A couple of months ago I got a request for a product photo shoot for a new perfume label, Montecristo by Mille Centum Parfums. It took a whole day of shooting in the studio with two different light setups. Montecristo is also a very well known cigar brand and these are the fragrances that will be released under the same label. We were going to shoot both clean product images as well as images with accessories for the marketing of these perfumes. Therefore i rigged two different light setups in advance to save us a bit of time. The rigging and testing took about three hours.
Transparent glass against both dark and light background comprises a bit of a challenge when lighting because you can’t use the same light setup for both these types of images. The light setup differs a lot depending on what background is used. Glass against dark background means that you want to accentuate the bottle’s contours with highlights while a light background means that you want dark contours of the bottle.
Shooting images of glass against a light background
When setting the lighting for these types of images, with a light background, you really do not light the bottle itself at all, unless you want to add a fill light for a logotype or something else that is NOT transparent. A simple flash against the background behind the bottle gets you a long way. It automatically gets you the dark edges of the bottle you are looking for. The image of the wine glass below is an old one I shot a few years ago, shot with one single Canon Speedlite 580 EXII against the background. The flash was standing on the floor between the table and the background pointing slightly upwards. Easy as that!
The image below shows before and after retouch. The final image is a compositing of three different images. The image on the left is shot with one flash pointed against the background.
Shooting images of glass against a dark background
When it comes to product photography of transparent glass against a dark background I am looking to create nice highlights to emphasize the contours of the bottle. The highlights are created by lighting the bottle from the sides with rather large softboxes to get wide enough highlights. Preferably you can also use an additional layer of diffusion if you want smoother highlights with good looking gradients. If the lighting comes from only a strip light you might get too narrow reflections, so bigger is better.
When lighting the glass bottle and the box together I also used a flash with a snoot and a grid to add a small spot fill light on the bottle logo and the box. The final images are compositings of three different shots where I used different parts of the bottle/box that looked the best. Between these different images I changed the lighting slightly to get the desired result on one specific area of the bottle/box. With the camera fixed in the exact same spot between these different shots, the compositing in Photoshop is made easier.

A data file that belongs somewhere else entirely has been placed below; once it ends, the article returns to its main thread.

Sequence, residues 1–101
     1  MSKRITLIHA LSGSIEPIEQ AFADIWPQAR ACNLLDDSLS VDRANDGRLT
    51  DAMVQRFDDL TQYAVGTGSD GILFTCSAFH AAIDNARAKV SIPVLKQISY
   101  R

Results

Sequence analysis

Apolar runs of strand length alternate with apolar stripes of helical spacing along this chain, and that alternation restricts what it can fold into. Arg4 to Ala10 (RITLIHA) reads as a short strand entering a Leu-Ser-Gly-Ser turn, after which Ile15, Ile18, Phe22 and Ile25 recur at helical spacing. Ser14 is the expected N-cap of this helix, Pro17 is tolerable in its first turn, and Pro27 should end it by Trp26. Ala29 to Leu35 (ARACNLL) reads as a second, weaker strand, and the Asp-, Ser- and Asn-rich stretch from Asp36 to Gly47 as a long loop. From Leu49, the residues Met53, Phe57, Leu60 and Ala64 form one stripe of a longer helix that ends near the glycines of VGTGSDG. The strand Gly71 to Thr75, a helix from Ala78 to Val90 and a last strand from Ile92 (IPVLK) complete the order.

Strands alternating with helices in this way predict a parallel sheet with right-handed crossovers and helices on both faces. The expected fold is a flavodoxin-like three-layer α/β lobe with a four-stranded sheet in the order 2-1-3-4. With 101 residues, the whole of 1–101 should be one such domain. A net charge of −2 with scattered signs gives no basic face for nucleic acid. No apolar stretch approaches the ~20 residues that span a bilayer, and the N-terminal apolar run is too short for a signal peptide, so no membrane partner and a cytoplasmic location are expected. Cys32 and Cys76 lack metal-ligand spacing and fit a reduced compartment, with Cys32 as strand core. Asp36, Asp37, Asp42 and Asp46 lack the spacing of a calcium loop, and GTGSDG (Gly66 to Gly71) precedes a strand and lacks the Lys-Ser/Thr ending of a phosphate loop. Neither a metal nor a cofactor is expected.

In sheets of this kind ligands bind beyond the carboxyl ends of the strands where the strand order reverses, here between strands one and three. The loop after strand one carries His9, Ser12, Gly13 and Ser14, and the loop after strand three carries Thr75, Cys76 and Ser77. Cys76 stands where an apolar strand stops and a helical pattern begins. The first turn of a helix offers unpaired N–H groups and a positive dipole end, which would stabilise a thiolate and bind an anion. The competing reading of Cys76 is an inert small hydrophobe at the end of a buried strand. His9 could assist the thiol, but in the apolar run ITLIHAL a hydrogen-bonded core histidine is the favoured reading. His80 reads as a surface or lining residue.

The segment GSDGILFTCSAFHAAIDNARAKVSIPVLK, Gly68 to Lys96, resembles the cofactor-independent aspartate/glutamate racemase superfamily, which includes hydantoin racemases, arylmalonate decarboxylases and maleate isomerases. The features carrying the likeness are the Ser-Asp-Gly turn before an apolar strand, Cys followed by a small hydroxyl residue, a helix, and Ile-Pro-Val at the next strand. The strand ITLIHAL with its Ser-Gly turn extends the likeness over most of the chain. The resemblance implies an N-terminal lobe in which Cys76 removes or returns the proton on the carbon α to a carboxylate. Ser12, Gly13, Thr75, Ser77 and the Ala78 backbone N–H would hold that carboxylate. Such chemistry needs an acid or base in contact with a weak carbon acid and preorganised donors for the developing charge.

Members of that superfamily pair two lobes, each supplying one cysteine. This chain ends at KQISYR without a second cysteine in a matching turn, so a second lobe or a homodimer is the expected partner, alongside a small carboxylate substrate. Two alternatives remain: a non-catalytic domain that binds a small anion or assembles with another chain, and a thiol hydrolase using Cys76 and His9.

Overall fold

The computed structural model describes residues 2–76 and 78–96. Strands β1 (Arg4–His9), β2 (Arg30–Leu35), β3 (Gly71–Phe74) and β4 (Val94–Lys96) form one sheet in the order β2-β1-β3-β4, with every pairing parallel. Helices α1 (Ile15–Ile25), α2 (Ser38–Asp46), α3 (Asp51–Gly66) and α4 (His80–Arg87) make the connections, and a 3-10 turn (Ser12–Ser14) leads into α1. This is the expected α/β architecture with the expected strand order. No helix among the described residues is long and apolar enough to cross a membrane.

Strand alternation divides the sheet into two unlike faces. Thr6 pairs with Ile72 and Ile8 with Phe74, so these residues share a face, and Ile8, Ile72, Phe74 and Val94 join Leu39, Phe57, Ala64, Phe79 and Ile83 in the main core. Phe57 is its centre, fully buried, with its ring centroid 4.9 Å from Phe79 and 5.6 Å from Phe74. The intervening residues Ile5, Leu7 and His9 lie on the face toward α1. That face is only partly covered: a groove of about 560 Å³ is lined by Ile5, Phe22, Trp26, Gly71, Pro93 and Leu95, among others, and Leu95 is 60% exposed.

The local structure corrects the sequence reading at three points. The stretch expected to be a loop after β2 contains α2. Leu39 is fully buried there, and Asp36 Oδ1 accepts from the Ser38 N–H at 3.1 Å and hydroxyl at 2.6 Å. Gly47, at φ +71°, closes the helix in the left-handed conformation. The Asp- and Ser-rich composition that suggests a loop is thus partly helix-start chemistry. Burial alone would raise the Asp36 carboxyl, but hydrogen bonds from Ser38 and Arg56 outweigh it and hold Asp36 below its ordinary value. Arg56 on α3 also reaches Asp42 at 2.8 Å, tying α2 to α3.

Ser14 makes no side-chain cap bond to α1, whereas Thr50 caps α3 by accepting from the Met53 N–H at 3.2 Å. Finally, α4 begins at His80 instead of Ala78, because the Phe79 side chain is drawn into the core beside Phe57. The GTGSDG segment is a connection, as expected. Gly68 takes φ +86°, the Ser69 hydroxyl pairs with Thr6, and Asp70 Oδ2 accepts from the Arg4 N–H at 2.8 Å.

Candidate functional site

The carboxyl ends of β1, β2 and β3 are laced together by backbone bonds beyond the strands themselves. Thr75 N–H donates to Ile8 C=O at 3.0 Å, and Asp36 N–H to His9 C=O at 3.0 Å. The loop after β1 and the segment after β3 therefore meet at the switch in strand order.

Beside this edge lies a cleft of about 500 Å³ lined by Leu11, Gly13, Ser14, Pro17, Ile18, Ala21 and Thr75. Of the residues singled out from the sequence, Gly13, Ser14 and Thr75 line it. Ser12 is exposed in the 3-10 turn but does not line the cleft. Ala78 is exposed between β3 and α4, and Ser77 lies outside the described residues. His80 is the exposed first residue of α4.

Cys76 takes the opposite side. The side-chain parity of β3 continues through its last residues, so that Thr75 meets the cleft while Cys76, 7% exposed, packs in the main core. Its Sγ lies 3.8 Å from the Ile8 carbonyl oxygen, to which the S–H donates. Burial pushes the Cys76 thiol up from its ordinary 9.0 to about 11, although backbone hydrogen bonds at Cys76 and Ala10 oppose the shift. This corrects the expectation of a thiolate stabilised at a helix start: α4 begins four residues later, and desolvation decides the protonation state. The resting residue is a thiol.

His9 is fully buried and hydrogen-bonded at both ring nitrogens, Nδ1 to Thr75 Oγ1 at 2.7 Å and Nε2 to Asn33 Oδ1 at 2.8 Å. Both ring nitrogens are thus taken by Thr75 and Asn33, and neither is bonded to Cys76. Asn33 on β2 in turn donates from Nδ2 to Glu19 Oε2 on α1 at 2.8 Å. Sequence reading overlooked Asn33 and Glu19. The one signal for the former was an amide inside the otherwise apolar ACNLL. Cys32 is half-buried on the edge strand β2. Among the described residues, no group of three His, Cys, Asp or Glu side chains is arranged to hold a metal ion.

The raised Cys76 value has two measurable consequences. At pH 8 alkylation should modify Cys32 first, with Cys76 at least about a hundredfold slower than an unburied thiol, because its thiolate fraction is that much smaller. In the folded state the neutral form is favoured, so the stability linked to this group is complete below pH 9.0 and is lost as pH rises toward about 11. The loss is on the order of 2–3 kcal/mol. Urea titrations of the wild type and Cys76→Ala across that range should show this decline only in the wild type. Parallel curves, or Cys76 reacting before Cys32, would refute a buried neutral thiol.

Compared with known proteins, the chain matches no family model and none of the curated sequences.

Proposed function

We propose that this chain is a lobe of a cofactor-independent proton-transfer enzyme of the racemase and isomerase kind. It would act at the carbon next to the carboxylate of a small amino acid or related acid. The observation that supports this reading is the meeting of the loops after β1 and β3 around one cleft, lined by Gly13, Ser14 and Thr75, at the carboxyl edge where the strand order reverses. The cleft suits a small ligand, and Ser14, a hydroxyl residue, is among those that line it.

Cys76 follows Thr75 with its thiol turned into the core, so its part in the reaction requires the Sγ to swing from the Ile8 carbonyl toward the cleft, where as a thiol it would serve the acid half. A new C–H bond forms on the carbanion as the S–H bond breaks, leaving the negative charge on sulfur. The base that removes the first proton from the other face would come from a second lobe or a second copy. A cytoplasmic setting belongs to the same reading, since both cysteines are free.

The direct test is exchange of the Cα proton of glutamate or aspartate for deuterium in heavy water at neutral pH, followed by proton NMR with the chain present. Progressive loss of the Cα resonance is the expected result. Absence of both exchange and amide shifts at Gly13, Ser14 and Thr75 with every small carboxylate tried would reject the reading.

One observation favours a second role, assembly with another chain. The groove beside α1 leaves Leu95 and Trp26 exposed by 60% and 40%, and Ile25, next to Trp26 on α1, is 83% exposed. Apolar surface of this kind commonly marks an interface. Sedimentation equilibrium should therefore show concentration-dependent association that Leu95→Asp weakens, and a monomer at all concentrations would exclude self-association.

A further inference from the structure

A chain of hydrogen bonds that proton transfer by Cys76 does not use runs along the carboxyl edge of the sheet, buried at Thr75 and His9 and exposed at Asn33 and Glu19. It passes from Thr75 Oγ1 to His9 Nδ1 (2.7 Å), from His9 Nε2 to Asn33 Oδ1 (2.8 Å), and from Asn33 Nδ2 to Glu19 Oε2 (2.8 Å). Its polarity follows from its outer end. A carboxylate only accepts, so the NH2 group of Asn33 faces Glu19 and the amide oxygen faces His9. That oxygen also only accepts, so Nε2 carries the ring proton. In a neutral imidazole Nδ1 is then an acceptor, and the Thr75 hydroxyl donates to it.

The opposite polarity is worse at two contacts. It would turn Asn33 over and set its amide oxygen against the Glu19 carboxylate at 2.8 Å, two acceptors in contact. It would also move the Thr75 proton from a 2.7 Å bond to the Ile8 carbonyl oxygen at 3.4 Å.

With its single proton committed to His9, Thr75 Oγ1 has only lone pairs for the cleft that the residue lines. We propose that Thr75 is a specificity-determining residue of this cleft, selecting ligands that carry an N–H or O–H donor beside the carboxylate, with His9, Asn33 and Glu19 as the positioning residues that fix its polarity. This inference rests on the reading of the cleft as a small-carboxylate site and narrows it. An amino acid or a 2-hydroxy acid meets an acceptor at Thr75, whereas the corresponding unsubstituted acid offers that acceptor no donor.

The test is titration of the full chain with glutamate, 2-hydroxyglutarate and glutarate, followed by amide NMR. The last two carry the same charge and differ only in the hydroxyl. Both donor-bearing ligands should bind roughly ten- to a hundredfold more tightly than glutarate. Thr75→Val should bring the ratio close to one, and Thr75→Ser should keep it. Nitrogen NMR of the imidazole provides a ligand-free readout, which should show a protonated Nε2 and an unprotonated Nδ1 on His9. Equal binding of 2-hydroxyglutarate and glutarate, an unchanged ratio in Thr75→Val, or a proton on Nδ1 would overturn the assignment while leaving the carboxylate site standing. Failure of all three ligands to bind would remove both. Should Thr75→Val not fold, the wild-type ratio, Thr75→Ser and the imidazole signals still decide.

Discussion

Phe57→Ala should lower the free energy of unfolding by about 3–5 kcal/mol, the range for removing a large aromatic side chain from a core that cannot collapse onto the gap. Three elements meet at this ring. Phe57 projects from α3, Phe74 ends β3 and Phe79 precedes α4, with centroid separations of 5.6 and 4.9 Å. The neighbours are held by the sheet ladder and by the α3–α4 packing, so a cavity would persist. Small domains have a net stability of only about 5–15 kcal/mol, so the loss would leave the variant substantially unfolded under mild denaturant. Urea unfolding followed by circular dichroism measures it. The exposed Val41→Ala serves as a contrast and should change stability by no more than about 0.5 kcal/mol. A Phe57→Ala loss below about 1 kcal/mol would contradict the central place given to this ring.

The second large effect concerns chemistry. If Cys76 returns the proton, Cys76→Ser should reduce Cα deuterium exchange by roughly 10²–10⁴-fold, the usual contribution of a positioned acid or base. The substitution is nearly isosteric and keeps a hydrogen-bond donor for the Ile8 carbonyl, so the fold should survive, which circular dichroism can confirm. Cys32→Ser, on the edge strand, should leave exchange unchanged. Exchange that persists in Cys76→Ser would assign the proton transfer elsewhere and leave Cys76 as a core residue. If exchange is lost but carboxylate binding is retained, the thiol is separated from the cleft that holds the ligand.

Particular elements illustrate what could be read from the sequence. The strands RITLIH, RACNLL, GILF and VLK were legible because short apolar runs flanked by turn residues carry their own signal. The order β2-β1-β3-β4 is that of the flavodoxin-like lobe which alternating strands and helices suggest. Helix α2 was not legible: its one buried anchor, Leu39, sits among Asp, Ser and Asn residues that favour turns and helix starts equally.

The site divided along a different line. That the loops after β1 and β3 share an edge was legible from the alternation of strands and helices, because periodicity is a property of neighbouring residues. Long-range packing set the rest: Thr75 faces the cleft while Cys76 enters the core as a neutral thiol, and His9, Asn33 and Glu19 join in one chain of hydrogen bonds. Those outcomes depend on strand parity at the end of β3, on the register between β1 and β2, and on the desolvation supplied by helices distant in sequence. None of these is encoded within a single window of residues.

Retouching glass bottles
Dust on dark surfaces gets VERY visible when adding light from a flash. On an average I spent about two hours per image removing dust particles with the Healing Brush and the Clone Stamp. This was the most time consuming part of the retouching process. To be really sure that you get all the dust you can add a temporary curve layer and brighten the image to make the dust particles more visible. There are a few techniques were you target only the dust particles, for example by using Select Color Range or Channel Masking. But these techniques did not get me the result I wanted so it was back to basics with the Healing Brush and the Clone Stamp. This work requires A LOT of patience, and sometimes you start wondering what the heck you’ve gotten yourself into… But if it’s made thoroughly the result is great!
Other things that are done in the post process is copying the reflection/highlight from one side of the bottle to the other to make the bottle more symmetrical. I also cloned away the plastic tube in some images, raised the surface of the liquid slightly, removed small spot reflection in the glass where I didn’t want them and used the Liquify filter to form the bottle the way I wanted it. I learned that glass bottles, even if they are created in the same way, are not exact copies of each other. The material behaves the way it wants to during the manufacturing process and this creates small differences and blemishes that does not belong in product images like these.
Product photography with accessories
To create the desired impression and sentiment for the brand we used a few different color matched accessories like a cigar case, leather driver gloves, sun glasses etc. These items were placed around the bottle on table with a wooden surface. I would have like to experiment more with the lighting in these images, but after many hours of constant shooting the energy and the patience was failing. We still got a lot of good material.
Btw, my favorite of the three fragrances is Blanc, try it out! 🙂